Everybody understands the appeal of riding a bike, but when it comes to competitive cycling, many Americans are baffled or indifferent. What is the allure of bike racing, anyway? Is it the grandeur of the Tour de France? The raw adrenaline of downhill mountain bike racing? The human dog track that is velodrome racing’s Keirin? The six-day, the criterium, the alleycat? Where do you even begin with a sport that encompasses everything from artistic cycling to freestyle BMX? And what is randonneuring, anyway?
It’s no wonder that, barring the anomaly of an American leading the Tour de France, U.S. sports fans pass on cycling, and go back to watching people playing with balls.
Nevertheless, every so often people tout a cycling discipline as the one that will finally get Americans hooked on bike racing. I’m old enough to remember when it was cyclocross, the idea being that it was an excuse to hang out in a park, drink beer, and watch people get dirty. After that, it was fixed-gear criteriums, which was an excuse to hang out in a gentrifying urban neighborhood, drink beer, and watch people crash. Then came the urban exodus; rural is the new urban, handlebar bags are the new messenger bags, and the discipline of gravel racing has come to define the cycling zeitgeist.
While domestic road racing has been stagnating for years, and the aforementioned fixie crits have gone the way of the rim brake, gravel racing gets more popular every year. The six-race Life Time Grand Prix, which includes three gravel and three mountain bike races, offers a $250,000 purse with equal cash for men and women. There’s a race that calls itself Gravel Worlds, and there’s even a Gravel Hall of Fame. Gravel evangelists tout the scene’s inclusiveness, and on the surface anyway the insouciance of the gravelista seems to be the antithesis of the seatpost-up-the-ass roadie culture.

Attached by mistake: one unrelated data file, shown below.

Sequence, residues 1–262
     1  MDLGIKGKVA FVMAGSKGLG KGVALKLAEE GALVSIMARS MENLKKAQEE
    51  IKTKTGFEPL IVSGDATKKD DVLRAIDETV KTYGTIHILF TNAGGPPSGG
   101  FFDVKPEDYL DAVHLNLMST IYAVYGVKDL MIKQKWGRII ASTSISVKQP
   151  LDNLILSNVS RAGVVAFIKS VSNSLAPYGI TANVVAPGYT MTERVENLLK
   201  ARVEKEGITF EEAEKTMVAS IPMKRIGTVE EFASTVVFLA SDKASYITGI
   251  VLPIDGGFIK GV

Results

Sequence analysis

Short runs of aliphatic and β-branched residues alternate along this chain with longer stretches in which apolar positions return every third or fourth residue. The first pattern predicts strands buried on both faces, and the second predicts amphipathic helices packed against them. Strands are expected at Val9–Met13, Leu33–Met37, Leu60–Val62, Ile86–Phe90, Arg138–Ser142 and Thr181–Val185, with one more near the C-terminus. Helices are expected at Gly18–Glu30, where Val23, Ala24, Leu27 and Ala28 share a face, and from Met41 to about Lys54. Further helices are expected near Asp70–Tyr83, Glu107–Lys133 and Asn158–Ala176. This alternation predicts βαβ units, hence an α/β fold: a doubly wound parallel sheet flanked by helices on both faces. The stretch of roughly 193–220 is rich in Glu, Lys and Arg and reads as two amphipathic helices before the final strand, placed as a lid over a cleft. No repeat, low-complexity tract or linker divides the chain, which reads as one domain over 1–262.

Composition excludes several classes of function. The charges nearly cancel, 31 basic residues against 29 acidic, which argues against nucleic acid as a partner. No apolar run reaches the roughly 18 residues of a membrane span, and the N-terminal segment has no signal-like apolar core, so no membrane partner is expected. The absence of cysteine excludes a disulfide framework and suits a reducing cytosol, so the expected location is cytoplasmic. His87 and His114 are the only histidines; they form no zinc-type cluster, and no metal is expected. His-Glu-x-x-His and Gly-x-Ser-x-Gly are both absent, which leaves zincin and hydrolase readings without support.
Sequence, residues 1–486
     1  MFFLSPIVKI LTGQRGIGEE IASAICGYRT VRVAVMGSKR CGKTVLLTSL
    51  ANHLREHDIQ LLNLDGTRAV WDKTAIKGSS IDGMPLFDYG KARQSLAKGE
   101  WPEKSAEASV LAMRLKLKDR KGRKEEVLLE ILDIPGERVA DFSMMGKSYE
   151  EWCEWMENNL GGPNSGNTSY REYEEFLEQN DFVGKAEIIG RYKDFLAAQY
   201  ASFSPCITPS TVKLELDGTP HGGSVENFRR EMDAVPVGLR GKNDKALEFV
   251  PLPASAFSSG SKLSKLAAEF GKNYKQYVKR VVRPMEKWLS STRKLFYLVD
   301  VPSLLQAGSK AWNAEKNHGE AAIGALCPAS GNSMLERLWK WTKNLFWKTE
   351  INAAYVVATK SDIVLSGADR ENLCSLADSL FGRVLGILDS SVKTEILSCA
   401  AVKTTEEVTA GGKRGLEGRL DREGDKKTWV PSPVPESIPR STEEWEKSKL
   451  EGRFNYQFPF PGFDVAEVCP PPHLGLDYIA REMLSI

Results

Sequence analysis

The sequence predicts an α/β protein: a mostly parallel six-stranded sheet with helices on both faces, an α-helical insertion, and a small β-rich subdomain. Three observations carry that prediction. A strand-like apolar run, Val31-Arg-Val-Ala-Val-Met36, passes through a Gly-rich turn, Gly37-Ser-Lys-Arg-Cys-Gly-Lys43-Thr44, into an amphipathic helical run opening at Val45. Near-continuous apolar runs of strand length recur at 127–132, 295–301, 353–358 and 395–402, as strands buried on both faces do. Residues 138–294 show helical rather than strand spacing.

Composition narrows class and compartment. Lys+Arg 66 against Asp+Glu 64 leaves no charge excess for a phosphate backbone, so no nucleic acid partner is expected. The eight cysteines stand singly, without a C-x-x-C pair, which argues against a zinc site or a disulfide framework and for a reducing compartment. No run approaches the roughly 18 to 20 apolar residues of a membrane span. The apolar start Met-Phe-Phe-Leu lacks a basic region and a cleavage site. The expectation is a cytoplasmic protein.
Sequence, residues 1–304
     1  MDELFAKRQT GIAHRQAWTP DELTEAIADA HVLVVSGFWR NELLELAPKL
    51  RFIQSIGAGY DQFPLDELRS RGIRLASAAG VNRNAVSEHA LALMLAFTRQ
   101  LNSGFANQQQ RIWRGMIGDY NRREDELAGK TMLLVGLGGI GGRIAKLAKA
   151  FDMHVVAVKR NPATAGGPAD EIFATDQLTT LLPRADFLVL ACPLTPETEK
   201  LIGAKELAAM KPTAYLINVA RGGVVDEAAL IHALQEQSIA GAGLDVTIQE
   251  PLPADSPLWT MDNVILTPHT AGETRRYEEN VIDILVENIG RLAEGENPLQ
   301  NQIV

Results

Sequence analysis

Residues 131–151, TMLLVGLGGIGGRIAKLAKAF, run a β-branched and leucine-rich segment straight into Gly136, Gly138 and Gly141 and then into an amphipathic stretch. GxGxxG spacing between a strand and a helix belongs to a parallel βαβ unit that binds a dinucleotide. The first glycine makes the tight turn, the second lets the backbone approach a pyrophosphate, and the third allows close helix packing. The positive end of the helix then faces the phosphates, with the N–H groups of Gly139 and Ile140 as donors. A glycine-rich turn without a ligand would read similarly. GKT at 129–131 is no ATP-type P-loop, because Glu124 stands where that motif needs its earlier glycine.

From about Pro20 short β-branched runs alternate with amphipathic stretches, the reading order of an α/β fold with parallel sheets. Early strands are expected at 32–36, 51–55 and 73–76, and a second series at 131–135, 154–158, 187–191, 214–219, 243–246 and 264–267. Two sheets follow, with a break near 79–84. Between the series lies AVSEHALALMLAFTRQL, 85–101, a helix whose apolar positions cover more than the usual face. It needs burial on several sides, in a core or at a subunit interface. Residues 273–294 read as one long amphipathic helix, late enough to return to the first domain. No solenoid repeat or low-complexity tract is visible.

However, like anything cool, gravel takes great pains to retain its independence, kinda like that kid with the dyed hair who refuses to explain what his T-shirt means. Good luck to those casual fans who want to follow it from afar. But let’s try.
Who’s In Charge?
USA Cycling is the American arm of the Union Cycliste Internationale (UCI), the international governing body of the sport of cycling. They make the rules, issue racing licenses, field the national team, oversee the various national championships, and enforce anti-doping policy. Whether you’re a young Olympic hopeful or a middle-aged dentist racing road masters, you compete under their auspices.
The most popular American gravel races—Unbound Gravel, Belgian Waffle Ride, SBT GRVL, and others—are not sanctioned by USA Cycling or the UCI. The latter body recently sent the organizers of Nebraska’s Gravel World’s race a cease-and-desist letter, because the event used rainbow bands on its champion jersey (the UCI claims it owns the design). USA Cycling has courted organizers of gravel races in the past, and it references the discipline on its website. But gravel is its own thing, so step off.